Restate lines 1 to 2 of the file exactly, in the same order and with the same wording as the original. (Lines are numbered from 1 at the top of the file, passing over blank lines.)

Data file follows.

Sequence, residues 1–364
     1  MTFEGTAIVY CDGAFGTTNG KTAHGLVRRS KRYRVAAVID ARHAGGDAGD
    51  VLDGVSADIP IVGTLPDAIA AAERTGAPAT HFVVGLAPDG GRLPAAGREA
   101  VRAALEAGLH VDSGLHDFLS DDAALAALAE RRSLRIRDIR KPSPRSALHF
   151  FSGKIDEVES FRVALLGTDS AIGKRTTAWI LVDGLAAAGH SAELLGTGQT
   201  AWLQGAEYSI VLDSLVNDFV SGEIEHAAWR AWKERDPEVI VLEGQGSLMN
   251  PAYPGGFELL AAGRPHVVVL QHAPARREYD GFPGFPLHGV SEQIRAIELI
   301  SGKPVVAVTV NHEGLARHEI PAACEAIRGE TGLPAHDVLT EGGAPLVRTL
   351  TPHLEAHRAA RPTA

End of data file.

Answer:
Sequence, residues 1–364
     1  MTFEGTAIVY CDGAFGTTNG KTAHGLVRRS KRYRVAAVID ARHAGGDAGD